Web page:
2. Delicious Food
No Jewish celebration would be complete without copious amounts of delicious food, and Hanukkah is no exception. During Hanukkah, oily and fried foods are preferred because they remind people of the miracle of the oil.
The most common foods are latkes, which are pancakes made with fried potatoes, and sufganiyot: donuts filled with jelly or chocolate. There are other traditional recipes served during Hanukkah, which also consist of fried food.
3. Playing the Dreidel
One may regard the dreidel as a simple kids’ game. However, it has a sad history behind it.
Dreidels date back to before the birth of Christ, when the Jews were forbidden from performing their rites, worshiping their God, and studying the Torah.
To continue reading their sacred texts in secret, they invented these little spinning tops, which have four Hebrew letters carved on each of the four different faces. Jews would pretend to play with these toys, but they were, in fact, secretly teaching the Torah to their students.
The letters on each side of the dreidel are an acronym for nes gadol haya sham, which translates to:
“A great miracle happened there,” with “there” referring to Israel. On top of that, these four letters reference the forced exiles suffered by the Jewish people: Babylon, Persia, Greece, and Rome.
4. Gifting Coins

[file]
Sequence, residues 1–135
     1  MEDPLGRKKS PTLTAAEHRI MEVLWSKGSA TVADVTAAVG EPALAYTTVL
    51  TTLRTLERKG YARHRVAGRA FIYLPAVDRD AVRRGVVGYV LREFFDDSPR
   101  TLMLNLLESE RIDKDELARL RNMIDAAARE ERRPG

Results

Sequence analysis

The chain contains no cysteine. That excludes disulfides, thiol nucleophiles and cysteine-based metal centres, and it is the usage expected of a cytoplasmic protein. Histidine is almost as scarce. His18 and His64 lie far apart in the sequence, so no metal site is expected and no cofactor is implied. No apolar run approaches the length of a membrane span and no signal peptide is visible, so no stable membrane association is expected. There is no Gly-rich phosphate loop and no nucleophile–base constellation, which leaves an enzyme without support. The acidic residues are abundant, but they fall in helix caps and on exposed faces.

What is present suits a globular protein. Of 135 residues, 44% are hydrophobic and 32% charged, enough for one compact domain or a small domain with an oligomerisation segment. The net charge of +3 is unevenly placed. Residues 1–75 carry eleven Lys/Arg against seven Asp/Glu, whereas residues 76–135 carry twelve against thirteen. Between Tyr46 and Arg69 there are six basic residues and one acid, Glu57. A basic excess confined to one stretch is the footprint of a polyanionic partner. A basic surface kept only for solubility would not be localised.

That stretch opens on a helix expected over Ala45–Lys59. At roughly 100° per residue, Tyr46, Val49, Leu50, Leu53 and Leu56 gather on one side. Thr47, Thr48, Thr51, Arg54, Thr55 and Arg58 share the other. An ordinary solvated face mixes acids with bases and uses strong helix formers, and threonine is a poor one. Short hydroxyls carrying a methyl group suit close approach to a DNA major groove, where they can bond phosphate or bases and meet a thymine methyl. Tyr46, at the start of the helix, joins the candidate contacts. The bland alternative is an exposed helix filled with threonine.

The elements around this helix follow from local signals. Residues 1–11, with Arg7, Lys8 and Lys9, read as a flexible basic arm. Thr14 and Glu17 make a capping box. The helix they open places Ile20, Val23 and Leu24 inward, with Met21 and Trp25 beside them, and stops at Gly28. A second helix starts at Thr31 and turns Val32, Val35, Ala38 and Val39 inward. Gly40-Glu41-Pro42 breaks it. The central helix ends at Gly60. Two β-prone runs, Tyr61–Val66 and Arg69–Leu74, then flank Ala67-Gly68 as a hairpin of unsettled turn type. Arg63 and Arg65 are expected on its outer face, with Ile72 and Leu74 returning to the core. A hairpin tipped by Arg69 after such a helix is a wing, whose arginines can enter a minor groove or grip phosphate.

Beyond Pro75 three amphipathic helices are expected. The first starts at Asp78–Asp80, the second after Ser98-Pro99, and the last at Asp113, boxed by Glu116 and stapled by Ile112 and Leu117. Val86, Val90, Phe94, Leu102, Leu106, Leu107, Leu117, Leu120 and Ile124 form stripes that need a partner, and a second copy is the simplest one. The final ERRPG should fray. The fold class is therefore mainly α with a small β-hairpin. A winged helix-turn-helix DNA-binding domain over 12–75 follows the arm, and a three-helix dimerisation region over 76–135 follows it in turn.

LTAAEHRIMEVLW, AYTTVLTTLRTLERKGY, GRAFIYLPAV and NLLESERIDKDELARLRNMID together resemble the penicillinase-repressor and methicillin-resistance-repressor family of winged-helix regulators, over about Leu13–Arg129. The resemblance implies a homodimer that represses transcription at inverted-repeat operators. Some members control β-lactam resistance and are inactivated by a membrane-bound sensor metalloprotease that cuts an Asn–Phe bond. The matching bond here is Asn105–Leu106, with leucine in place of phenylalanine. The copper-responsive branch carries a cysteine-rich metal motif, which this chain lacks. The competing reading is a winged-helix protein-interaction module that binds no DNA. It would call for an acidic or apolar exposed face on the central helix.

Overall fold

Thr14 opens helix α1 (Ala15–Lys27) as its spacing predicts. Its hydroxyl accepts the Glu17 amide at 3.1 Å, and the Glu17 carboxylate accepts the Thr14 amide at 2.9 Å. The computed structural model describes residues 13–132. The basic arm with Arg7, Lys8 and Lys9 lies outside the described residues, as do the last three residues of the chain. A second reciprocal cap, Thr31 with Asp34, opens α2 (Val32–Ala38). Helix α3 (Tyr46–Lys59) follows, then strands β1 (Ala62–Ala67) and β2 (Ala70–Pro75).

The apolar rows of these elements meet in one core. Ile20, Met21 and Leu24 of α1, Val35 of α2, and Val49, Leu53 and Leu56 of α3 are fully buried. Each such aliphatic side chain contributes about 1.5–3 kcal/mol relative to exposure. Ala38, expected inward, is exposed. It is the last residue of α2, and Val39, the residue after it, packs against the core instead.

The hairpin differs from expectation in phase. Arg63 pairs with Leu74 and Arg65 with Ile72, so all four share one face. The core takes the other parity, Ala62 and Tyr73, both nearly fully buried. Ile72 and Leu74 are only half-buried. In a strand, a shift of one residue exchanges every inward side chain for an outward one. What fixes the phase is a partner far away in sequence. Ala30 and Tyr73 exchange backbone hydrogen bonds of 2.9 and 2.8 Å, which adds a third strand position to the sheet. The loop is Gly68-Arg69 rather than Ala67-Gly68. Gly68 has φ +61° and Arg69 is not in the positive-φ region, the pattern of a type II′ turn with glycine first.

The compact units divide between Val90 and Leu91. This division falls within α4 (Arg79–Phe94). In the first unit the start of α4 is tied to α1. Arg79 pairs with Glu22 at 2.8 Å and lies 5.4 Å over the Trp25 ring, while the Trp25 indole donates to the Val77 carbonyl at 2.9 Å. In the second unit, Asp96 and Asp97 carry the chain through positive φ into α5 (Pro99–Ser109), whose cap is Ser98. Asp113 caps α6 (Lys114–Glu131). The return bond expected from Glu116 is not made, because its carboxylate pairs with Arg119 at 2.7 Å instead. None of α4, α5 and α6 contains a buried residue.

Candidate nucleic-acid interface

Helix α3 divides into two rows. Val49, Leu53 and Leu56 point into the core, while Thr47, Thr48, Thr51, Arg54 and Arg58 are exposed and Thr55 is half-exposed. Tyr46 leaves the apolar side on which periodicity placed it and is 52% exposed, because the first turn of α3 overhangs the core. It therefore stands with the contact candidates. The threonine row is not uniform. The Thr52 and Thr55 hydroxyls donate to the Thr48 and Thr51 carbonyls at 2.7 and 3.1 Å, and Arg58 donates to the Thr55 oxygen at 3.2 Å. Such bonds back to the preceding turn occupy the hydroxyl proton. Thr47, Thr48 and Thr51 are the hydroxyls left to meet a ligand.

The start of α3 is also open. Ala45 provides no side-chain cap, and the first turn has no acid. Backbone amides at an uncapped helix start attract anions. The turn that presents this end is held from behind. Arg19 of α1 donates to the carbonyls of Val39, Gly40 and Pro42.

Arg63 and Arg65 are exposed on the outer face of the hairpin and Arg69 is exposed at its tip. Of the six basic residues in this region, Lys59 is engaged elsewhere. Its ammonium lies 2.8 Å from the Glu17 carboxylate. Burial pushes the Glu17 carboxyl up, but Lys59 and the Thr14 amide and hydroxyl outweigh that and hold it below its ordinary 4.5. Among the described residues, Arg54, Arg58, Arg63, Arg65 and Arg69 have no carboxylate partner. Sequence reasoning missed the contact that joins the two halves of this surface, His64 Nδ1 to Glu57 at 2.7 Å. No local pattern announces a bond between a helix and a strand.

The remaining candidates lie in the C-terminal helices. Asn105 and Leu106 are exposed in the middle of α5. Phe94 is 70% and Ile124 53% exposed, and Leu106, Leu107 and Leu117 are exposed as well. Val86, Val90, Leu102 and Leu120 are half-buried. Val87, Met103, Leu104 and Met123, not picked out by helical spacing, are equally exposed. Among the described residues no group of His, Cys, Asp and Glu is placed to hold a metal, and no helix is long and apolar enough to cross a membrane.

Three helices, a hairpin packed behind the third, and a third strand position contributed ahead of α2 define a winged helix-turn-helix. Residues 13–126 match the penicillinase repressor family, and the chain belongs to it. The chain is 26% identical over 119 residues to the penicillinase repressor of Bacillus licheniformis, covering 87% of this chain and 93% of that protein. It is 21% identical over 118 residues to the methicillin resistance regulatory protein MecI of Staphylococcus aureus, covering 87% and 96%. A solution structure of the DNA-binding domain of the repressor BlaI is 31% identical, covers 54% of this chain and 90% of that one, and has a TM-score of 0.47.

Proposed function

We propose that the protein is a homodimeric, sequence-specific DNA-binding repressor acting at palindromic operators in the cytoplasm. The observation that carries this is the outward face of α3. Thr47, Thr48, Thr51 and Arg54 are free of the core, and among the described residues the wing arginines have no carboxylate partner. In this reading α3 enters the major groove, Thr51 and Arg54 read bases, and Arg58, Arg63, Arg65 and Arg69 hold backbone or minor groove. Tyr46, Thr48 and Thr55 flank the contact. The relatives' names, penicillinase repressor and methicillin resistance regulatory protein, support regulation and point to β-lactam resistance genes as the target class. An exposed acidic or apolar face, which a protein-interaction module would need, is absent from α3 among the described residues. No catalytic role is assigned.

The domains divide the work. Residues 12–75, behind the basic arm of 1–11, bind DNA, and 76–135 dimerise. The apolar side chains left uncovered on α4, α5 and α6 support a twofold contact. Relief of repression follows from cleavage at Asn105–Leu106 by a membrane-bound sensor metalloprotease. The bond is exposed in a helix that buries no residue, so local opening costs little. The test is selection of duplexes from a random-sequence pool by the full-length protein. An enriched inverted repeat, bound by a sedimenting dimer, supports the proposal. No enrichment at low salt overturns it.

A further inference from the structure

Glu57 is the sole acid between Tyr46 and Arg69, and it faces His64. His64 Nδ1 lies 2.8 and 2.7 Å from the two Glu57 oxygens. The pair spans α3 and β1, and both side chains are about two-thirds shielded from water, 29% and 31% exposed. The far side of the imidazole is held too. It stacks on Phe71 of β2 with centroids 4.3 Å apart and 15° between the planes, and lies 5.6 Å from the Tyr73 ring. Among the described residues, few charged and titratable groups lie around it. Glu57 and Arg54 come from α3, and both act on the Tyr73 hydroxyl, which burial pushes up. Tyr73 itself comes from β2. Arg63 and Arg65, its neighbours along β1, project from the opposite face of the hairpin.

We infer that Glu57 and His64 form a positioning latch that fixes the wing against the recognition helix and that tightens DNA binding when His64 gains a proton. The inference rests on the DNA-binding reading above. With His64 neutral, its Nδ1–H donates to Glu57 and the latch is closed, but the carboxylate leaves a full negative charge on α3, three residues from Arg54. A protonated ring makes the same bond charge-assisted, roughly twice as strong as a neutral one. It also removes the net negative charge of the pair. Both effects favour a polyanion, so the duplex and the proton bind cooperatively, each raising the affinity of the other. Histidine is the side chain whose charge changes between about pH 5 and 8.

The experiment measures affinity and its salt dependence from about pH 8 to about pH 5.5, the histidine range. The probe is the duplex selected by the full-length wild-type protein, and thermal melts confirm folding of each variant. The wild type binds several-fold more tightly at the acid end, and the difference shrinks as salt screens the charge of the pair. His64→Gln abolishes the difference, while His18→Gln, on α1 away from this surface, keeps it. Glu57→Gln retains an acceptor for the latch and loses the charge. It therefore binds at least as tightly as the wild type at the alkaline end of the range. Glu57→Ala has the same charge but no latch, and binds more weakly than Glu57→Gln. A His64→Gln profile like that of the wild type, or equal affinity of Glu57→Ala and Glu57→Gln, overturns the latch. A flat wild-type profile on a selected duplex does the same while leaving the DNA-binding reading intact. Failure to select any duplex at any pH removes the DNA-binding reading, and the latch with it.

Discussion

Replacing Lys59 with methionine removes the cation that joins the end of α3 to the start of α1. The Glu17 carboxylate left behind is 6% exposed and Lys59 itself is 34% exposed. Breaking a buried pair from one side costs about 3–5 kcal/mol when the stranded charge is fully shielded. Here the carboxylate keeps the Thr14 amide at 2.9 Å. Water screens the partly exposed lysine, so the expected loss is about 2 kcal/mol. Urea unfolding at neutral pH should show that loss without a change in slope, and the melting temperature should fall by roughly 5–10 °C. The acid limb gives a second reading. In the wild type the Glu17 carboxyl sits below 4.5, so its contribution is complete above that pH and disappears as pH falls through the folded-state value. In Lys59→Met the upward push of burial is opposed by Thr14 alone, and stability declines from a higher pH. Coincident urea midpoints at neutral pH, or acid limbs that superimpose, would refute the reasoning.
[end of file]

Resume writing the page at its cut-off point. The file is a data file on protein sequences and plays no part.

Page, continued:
It is a Hanukkah custom to give coins to kids. These are known as “guelt,” which translates to “money” in Yiddish.
Traditionally, Jewish parents would give small coins to their children and sometimes larger amounts of money, depending on the wealth of the family
). Hasidic teachers also hand out coins to whoever visits them during Hanukkah, and these coins are kept as amulets by the students, who prefer not to spend them.
This particular tradition was born among the Polish Jews in the 17th century, but during that time, families would give their children coins so they could distribute them among their teachers.
In time, kids began to demand money for themselves, so it became common for them to keep the change. This was not opposed by rabbis, as they thought it was another metaphor for the miracle of the oil.
5. Hallel Prayer
Although not exclusive to Hanukkah, the Hallel prayer is one of the most recited hymns during this time.
Hallel is an oration consisting of six Psalms from the Torah. Apart from Hanukkah, it is usually recited during Passover (Pesach), Shavuot, and Sukkot, and lately also during Rosh Chodesh (the first day of a new month).
The contents of the hymn start by praising God for His great deeds protecting the people of Israel. After which, it describes several acts and miracles of God where He showed mercy for the Jewish people.
As mentioned at the beginning, Hanukkah is an exciting tradition because it is constantly evolving.
For example, the tradition of exchanging money (or coins) didn’t exist before the 17th century, and the food prepared during this holiday depends on where it is celebrated around the world. In addition to this, some of their songs only came from the Middle Ages, while others have been adopted only recently.
Hannukah is an ever-changing celebration of the miracle of the oil and the rededication of the Jerusalem temple following the Greek. We hope that the Jewish people will keep this tradition going and continue to evolve it over the coming years.